tidbits, fragments, and ephemera 1

tidbits, fragments, and ephemera is a usually weekly but not always, sometimes substantial but not making any promises glimpse at some information and news related to Generation X in the Deep South.


Religion Landscape Study, South Carolina

This Pew Research Center study shows that 78% of adult GenXers in South Carolina are Christians, with the bulk majority (19%) as “unaffiliated.” Every other religion added together makes up the remaining 3%. (No year was clearly available for the study.)

Party Affiliation among Generation X by state

This info from 2014 shows that, among GenXers in Southern states, there was a mix of major-Republican and majority-Democrat states. Apparently, at this time Mississippi was no longer considered a state by the Pew Research Center.

University of Georgia launches a newsletter for Generation X alumni.

excerpted: “From a design standpoint, The Fast Times is reminiscent of the popular zines of the ‘80s, where people made magazines that were small in size and easily distributable. Their creators often gave them away for free to increase the spread of their opinions on music, film and other cultural followings.”

Alabama journalist Tim Lockette publishes two novels.

excerpted: “Lockette’s time as a newspaperman lends authenticity to Tell it True. But the 49-year-old said both books are colored by his personal experiences as a member of Generation X – the demographic group born roughly between 1965 and 1980 who were often criticized in popular culture as “slackers” but later gained a reputation for entrepreneurship while steering clear of political activism.”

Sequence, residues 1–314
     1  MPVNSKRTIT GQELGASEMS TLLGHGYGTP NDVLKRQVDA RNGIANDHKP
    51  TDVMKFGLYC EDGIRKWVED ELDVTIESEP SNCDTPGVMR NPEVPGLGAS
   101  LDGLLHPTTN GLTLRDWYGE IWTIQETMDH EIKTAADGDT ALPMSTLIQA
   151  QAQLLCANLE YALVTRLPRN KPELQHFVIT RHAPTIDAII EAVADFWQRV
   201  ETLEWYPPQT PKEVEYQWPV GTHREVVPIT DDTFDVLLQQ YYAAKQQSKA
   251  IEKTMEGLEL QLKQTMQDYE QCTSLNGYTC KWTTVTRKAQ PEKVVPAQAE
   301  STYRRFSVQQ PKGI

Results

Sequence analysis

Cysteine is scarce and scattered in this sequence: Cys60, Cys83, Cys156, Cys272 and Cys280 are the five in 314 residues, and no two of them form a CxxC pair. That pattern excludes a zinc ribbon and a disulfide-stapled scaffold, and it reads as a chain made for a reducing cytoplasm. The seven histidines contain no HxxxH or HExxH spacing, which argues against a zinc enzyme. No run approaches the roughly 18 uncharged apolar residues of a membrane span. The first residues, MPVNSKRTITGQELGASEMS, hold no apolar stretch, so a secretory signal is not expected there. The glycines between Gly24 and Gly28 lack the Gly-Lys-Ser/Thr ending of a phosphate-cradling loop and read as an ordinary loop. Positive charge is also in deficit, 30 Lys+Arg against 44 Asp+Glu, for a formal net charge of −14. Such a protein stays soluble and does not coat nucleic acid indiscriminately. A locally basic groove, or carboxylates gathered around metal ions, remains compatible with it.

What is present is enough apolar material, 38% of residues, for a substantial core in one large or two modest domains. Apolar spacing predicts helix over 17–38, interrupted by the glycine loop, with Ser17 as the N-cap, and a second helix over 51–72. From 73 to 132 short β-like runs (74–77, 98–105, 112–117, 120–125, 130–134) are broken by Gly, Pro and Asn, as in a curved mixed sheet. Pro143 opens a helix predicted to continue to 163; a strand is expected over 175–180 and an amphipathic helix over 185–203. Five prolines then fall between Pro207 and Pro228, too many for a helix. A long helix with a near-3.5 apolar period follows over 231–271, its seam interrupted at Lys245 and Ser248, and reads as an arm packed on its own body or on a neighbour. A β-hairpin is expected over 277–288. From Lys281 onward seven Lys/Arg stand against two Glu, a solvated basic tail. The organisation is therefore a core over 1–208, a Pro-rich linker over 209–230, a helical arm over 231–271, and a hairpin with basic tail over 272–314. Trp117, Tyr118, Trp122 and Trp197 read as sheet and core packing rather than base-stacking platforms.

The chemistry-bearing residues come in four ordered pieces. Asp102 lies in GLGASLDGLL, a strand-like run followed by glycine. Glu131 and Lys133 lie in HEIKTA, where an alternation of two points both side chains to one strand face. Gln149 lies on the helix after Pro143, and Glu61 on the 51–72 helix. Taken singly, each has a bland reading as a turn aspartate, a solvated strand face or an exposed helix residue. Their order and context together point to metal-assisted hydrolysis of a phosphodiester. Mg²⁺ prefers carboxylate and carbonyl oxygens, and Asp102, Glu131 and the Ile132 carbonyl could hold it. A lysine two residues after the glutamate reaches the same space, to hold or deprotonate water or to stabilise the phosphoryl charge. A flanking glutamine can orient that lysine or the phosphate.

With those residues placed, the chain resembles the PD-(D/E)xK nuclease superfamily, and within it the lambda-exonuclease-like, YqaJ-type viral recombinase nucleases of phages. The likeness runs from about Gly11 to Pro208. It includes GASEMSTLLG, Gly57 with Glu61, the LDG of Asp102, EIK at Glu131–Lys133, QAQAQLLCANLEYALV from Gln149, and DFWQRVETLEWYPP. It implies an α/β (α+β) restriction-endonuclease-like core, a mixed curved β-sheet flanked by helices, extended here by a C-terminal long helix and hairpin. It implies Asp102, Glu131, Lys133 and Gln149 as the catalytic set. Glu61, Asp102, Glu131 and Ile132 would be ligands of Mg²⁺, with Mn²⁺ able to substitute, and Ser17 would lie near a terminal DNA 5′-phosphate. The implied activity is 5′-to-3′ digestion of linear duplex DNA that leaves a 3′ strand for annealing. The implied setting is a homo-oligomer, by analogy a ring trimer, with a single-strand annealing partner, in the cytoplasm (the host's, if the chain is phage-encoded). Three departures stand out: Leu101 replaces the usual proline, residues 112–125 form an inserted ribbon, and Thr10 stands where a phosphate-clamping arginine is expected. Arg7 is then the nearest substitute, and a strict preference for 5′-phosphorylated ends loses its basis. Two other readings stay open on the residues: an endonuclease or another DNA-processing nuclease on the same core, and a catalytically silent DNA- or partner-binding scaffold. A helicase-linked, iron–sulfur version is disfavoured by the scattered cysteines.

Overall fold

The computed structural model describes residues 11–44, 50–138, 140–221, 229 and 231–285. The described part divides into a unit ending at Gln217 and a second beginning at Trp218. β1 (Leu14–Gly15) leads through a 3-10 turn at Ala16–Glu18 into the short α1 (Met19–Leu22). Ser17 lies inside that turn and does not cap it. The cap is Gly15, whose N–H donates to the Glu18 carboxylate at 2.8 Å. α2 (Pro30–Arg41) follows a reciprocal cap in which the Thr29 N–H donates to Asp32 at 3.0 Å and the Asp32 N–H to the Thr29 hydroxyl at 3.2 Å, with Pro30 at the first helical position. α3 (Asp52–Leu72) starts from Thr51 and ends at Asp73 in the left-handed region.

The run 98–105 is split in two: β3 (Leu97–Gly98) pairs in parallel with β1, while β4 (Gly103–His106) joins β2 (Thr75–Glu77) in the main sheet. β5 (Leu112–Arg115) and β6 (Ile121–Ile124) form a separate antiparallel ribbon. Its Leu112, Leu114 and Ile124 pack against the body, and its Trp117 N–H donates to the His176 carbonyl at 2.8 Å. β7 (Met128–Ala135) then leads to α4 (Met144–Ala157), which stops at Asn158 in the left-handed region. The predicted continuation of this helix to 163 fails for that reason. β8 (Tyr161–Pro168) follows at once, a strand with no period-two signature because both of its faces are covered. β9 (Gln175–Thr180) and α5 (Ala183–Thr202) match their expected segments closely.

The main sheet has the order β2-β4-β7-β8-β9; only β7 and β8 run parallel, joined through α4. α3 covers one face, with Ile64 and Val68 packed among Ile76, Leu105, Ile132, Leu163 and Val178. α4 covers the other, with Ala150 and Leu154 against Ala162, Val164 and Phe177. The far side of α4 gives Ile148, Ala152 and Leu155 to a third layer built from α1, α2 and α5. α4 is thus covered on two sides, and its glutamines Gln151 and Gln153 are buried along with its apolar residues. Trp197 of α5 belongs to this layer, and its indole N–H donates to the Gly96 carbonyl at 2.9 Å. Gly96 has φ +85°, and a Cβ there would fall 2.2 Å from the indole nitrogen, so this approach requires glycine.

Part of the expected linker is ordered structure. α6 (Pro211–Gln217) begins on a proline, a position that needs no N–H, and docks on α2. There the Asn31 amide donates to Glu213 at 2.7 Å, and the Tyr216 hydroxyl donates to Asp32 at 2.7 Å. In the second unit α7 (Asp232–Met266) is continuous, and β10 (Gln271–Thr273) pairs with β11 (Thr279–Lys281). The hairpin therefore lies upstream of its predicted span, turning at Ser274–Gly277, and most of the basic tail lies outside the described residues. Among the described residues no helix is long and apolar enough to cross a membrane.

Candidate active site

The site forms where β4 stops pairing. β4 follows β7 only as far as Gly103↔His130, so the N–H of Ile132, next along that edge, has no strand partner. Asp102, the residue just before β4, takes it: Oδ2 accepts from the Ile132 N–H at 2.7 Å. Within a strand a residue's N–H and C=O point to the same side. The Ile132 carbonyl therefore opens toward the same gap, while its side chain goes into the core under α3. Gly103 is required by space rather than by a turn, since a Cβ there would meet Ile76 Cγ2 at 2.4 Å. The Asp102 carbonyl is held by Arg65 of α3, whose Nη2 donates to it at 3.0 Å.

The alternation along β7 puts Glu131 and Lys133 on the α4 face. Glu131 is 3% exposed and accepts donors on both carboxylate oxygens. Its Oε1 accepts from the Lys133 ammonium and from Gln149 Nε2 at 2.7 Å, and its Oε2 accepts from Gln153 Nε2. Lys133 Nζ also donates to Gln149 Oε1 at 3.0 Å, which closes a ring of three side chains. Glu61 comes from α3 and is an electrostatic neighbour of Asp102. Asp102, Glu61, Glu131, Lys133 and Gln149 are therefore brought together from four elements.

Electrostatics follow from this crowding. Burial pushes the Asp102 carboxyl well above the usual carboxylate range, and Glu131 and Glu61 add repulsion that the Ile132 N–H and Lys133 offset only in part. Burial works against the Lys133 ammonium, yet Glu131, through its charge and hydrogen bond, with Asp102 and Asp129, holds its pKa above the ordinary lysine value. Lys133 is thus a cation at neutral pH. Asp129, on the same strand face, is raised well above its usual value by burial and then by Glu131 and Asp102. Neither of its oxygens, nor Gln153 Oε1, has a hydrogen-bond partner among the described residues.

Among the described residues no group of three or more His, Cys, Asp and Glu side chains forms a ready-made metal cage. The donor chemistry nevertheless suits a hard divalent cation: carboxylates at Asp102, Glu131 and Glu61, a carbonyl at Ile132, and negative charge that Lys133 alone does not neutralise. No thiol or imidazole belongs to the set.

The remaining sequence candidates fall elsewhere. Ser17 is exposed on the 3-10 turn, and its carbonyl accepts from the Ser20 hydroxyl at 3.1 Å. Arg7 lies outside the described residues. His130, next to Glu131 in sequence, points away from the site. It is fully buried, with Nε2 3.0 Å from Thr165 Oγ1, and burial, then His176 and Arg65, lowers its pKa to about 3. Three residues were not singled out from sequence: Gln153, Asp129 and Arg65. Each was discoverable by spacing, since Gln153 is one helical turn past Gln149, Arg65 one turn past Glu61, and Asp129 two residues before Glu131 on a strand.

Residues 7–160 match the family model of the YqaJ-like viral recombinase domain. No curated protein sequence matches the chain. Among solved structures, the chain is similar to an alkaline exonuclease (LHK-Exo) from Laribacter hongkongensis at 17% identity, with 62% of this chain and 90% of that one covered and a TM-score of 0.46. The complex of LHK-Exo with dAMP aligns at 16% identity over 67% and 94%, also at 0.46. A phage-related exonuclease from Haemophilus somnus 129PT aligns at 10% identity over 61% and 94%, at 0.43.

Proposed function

Demographic breakdown of the Mississippi legislature

These graphs were compiled and are offered by the Center for Youth Political Participation at New Jersey’s Rutgers University. Among the graphs and charts is the category of generation.

“Generation X can flip the script in their communities,” by Kristi Gustavson, CEO of the Community Foundation of North Louisiana

excerpted: “One thing for certain about Gen X, perhaps as with any other generation, is that we refused to adhere to the constraints put upon us by the generation before us.  We sought to very uniquely define ourselves.  Of course, bucking the system is nothing new and certainly not invented by Gen Xers.  Every generation does this to some degree.  What makes each generation unique is not that we choose not to conform it is how we choose not to conform.”

Blues Old Stand, live